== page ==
5 Tips on Building A Successful Brand


When thinking about your existing business, do you know what other people are saying about it? It may come as a surprise but, your brand IS your reputation. Full stop. How you go about building it, is entirely up to you.

In a society where brands are head to head with each other in running the race and adamant on winning it, it can be difficult to keep up sometimes especially if you are one of the new brands reaching out its feeler to see where the action is, and have no idea about how, if you follow a few crucial things, you will stay afloat. According to a Nielson survey, 59% of consumers would rather buy new products from the brands that they are already familiar with, than try out new ones.

But let this not dismay you, because even if you are a small business that’s competing with other big businesses and their loyal customers, not to mention their BIG budgets. There are ways to beat the competition and if not, be on par with them. With a few tricks of the trade, you will be winning the race very soon and below we have included 5 tips that you can take home to get that ball rolling. Whether you are a start-up or have been in business for decades, it’s all the same to us, a brand can never be successful enough.

Let’s look at a few things you can do to build a successful brand that everyone wants to know about.


  1. Is There a Purpose Behind Your Brand? Ask your self this fundamental question before starting anything. If your brand does not have a purpose, that’s one thing that can easily be remedied. But if its purpose does not add value to its customers, then we have a problem.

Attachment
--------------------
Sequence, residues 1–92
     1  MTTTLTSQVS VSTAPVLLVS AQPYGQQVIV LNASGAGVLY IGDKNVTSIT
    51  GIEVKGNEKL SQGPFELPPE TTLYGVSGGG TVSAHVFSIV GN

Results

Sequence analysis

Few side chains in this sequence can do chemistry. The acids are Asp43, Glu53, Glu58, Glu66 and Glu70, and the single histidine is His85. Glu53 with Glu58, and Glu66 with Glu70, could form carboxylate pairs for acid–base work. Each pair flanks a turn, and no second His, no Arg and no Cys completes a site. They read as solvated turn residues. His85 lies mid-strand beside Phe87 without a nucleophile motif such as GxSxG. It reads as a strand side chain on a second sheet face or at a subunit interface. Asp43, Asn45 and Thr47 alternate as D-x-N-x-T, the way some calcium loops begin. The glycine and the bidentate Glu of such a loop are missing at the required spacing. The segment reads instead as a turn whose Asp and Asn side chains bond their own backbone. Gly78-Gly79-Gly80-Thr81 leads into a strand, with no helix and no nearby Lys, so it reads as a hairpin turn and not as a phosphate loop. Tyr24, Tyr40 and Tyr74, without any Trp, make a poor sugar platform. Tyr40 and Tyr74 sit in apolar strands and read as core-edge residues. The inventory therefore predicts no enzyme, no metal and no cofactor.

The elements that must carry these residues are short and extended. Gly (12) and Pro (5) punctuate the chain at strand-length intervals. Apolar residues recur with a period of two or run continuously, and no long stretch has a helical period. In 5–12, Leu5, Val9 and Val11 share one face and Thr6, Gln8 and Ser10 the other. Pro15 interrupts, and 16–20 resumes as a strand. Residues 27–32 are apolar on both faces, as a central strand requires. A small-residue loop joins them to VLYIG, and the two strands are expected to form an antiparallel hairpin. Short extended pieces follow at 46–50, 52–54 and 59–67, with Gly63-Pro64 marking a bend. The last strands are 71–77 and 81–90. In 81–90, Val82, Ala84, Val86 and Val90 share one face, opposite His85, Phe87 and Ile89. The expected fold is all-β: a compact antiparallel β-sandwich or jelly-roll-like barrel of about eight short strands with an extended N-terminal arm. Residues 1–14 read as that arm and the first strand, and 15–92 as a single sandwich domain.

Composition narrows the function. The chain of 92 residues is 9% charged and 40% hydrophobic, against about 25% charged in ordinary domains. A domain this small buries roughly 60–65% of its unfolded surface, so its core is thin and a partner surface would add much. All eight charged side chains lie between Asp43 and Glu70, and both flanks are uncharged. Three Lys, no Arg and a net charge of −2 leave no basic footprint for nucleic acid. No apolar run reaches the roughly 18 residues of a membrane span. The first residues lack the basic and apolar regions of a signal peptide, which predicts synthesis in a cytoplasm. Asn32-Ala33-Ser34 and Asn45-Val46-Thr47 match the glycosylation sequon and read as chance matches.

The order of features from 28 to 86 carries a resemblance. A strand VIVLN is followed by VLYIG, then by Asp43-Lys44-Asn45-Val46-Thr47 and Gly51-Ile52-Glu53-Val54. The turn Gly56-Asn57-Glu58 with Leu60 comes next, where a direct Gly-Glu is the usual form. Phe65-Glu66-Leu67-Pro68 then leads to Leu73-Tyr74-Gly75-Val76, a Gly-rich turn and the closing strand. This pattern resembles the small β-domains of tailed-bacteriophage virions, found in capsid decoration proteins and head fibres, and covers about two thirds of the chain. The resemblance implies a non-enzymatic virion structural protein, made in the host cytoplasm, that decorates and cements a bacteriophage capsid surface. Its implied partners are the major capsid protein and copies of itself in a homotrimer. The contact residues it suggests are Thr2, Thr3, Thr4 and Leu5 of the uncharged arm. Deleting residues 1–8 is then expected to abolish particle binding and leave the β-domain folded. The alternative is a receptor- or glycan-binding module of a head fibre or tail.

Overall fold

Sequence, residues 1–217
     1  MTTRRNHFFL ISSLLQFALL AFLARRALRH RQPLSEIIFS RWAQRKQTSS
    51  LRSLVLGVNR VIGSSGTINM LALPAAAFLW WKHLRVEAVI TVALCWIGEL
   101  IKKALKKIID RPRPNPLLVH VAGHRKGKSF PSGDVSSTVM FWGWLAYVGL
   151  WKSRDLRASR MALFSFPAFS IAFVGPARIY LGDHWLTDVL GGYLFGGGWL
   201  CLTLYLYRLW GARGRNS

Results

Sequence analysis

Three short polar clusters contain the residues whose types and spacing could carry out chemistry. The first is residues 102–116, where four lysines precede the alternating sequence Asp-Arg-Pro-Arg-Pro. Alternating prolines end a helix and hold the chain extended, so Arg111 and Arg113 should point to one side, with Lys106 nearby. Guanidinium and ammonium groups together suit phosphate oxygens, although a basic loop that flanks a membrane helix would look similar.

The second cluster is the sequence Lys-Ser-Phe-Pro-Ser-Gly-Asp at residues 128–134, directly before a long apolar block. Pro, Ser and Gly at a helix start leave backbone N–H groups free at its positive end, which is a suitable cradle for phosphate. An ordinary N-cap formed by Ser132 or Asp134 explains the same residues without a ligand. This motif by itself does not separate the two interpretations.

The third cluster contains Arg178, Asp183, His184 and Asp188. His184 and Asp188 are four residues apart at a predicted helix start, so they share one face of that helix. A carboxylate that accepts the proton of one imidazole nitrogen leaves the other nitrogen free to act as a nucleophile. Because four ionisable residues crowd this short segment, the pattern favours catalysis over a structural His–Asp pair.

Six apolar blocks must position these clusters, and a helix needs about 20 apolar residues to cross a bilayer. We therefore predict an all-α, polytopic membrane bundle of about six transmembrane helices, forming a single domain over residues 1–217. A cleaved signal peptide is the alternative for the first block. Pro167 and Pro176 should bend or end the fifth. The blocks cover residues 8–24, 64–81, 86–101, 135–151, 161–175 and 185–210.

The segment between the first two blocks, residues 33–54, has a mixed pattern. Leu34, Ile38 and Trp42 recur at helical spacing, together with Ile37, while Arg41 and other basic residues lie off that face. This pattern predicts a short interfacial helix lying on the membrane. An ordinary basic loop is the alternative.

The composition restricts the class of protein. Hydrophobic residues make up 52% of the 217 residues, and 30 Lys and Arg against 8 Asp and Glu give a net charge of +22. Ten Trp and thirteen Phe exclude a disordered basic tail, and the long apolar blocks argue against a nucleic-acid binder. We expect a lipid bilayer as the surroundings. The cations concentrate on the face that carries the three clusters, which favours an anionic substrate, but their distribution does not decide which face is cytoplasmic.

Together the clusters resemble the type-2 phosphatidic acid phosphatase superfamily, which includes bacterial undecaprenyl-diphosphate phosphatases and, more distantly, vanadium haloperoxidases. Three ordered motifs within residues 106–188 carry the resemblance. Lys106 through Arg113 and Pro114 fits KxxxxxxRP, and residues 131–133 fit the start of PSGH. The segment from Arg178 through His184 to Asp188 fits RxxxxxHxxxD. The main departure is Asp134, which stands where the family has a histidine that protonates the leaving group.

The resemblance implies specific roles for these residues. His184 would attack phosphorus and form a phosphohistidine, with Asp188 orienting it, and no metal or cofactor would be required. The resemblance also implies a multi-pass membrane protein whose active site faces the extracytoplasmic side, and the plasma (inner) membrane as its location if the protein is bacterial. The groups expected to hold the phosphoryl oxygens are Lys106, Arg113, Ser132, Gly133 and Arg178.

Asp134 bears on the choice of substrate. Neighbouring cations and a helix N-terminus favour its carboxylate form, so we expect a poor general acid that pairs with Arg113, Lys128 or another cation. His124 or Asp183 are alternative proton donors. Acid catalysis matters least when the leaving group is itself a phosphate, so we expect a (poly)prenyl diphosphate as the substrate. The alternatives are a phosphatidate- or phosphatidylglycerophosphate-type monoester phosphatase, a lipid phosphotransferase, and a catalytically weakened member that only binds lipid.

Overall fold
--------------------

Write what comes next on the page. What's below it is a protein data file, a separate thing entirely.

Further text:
The answer to this question is very crucial, it is what will build your foundation and from it, you can branch-off to creating your logo, tagline, slogan, merchandise, advertisements, and visuals to name a few. Getting this right is important. The answer comes from getting to the bottom of these 3 things – What, How, and Why. And once you know clearly what those three are, you will be closer to finding the purpose of your brand.

Several famous and successful life-coaches and businessmen have given valuable advice through their own experiences, one such personality is Simon Sinek, who teaches his students or listeners, that customers don’t buy what you do, rather they buy why you do it and ultimately believe in the ‘why’ of your product, which is why they are loyal.


  1. Do You Know Who You Are Selling To? This question is possibly one of the most underestimated characteristics of any business or service. The simple truth is that, if you do not research your audience very carefully, you will fall short. Ask yourself who you’re trying to reach with your brand. Is it the middle-aged women who run beauty salons across town or is it the 18 year old teenagers who love fashion and makeup? Perhaps its high-end lawyers? Or maybe private dentists?

No matter what size your business is intended to become, starting small and targeting the right audience will make all the difference. Do enough research and create a buyer persona to get things moving, do A/B Testing to see what messages work and which ones don’t, and come to it with all angles. A professor from Harvard business school once stated that “almost 30,000 new consumer products are being launched, out of which an estimated 80% of them have already or will fail”. Learn how to create your buyer persona with some information online.


  1. Consistency Is Key: In all your endeavors in life, consistency is the key to seeing any result. In business, it is the same. Keep on keeping on and don’t give up. PR, marketing and advertising are some of the branches of your business that need to stay consistent and even moving, the minute you stop, you risk losing potential business. Find the right people to help you out and keep them forever!

The last two are self-explanatory:

  1. Keep People First on the List: You’re doing it for the consumers so they should come first.
  2. Seek Help When Your Chips Are Down: Get Help! It’s simple. When you need help don’t be afraid to ask.